"Insights: September 2016"

September 2016 | Skadden, Arps, Slate, Meagher & Flom LLP

Insights: Current Issue

Insights Conversations: How Government Health Care Investigations May Be Shifting

The DOJ has long had the advantage when investigating False Claims Act cases against health care companies. However, recent changes in the courts, including a unanimous U.S. Supreme Court decision, seem likely to shift the ground rules for how these investigations are carried out. Skadden partner Mike Loucks and counsel Alexandra Gorman discuss the current state of health care enforcement of fraud allegations.

Supreme Court Will Weigh Insider Trading, Securities Act Class Action Requirements

The U.S. Supreme Court will have the opportunity this fall to consider two securities law cases with potentially profound implications. The cases concern the “personal benefit” required to establish liability for insider trading and the jurisdictional requirements for class actions under the Securities Act.

Brexit: An Opportunity to Readjust UK Tax Policy?

Following the Brexit vote, the U.K. government has a vested interest in ensuring that it remains a prime jurisdiction for investment. As the government contemplates navigating a path away from the European Union, multinational businesses with U.K. interests will need to understand which tax measures are unlikely to change, which might be revisited now and what could happen with U.K. corporate tax policy once the U.K. is no longer a member of the EU.

Single-Investor Products Assume Leading Role in Private Equity Capital Raising

Asset managers using private, single-investor structures raised around $128 billion between 2010 and 2015, rivaling or exceeding capital raised in commingled private fund products during the same period. As a private, bilateral deal, an SIP can offer parties mutually advantageous opportunities that are elusive in commingled fund transactions.

'Ostrich' Theory and an Ill-Defined Duty to Investigate for Lawyers

In recent years, the application of a “conscious avoidance” or “willful blindness” theory as the basis of attorneys’ liability for clients’ criminal conduct has been on the rise. This "ostrich" theory, as it is commonly known, may be enforcing an ill-defined duty to investigate red flags in situations where the ethical rules governing attorneys would find misconduct only if an attorney had actual knowledge of a client’s criminality.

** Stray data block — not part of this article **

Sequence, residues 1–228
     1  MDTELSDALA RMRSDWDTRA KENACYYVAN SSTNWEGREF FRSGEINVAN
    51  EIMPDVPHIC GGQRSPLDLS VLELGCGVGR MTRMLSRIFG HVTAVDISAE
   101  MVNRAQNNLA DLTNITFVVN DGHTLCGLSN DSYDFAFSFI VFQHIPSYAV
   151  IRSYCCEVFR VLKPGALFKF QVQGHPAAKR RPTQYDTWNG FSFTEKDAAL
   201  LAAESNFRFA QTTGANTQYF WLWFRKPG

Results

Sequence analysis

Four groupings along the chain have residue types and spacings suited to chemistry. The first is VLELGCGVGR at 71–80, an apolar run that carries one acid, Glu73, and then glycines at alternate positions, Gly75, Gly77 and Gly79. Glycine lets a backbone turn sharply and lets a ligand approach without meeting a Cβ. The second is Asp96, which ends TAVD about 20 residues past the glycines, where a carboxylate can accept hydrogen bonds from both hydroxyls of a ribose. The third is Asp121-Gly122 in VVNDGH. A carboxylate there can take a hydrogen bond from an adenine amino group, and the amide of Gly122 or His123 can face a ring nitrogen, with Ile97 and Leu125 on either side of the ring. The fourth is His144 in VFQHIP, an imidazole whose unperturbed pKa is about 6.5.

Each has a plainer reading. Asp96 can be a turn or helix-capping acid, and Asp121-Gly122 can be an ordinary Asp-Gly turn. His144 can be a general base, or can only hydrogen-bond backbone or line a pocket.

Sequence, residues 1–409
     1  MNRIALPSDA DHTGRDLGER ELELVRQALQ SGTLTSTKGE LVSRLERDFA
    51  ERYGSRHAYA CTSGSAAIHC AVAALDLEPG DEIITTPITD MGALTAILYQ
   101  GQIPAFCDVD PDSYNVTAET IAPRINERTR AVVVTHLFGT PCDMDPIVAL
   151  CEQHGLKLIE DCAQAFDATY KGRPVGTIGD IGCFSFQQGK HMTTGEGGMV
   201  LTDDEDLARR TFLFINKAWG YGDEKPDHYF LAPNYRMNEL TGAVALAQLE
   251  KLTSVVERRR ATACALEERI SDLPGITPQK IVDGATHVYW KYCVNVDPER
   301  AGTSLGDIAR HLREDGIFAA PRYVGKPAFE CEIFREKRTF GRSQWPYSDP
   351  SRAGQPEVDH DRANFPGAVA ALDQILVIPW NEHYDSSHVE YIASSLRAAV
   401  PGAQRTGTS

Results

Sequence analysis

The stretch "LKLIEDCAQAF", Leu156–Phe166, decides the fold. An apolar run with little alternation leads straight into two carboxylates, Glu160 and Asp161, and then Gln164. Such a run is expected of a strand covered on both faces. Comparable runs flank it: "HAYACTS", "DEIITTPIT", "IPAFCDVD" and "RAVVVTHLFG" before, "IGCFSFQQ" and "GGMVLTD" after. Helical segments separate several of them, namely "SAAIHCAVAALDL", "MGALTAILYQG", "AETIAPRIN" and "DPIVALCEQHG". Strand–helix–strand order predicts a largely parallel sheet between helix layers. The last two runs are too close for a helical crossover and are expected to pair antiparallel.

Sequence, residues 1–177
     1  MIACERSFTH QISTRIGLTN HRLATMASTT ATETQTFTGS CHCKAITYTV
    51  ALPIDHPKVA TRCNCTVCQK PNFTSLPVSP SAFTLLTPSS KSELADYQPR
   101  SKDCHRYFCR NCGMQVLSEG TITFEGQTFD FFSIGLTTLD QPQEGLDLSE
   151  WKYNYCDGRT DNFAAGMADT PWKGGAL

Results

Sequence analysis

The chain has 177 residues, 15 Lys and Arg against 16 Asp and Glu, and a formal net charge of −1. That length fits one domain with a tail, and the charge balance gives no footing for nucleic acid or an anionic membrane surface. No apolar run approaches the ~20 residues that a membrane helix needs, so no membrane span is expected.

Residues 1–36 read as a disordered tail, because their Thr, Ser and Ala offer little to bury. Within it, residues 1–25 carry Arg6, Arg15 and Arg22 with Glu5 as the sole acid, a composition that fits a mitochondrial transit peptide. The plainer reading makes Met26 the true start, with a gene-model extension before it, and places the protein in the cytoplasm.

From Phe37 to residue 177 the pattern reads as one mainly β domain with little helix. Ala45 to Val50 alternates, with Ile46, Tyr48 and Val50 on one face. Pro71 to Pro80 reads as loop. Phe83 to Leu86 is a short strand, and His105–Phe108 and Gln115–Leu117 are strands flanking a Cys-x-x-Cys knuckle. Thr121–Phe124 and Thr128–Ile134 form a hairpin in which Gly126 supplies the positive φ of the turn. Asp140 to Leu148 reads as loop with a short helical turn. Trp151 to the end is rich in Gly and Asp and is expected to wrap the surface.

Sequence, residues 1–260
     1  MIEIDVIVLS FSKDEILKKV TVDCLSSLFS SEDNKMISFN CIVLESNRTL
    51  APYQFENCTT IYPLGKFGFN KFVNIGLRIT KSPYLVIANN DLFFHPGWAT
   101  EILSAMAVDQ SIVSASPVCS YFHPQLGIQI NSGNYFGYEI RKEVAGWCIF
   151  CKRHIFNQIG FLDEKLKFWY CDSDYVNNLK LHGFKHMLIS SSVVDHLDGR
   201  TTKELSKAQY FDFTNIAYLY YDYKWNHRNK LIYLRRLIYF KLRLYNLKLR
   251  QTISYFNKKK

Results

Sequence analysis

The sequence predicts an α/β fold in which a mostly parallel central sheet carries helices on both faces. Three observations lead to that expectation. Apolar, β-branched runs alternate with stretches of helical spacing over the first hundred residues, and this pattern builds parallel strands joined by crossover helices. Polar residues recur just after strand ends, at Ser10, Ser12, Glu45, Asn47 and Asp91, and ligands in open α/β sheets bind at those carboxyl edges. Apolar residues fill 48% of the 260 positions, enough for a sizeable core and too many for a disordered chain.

Recurring Issues in Accounting for Litigation Contingencies

Certain questions seem to recur when it comes to outside counsel’s communications with a company’s auditors about potential exposures as a result of litigation or regulatory/enforcement matters as well as the underlying accounting for such matters. First, how can clients satisfy auditors’ requests for information without waiving attorney-client and work-product privileges? And second, how do the standards for accounting for loss contingencies apply when a company expects insurance to cover any ultimate losses?

IRS Proposes Regulations That Would Increase Wealth Transfer Taxes in Family-Controlled Entities

The IRS recently proposed new regulations that would increase the wealth transfer tax when interests in a family-controlled entity are transferred during life or at death. Before the rules take effect, those with family-controlled entities should consider proactive estate and gift tax planning that could reduce their wealth transfer taxes.

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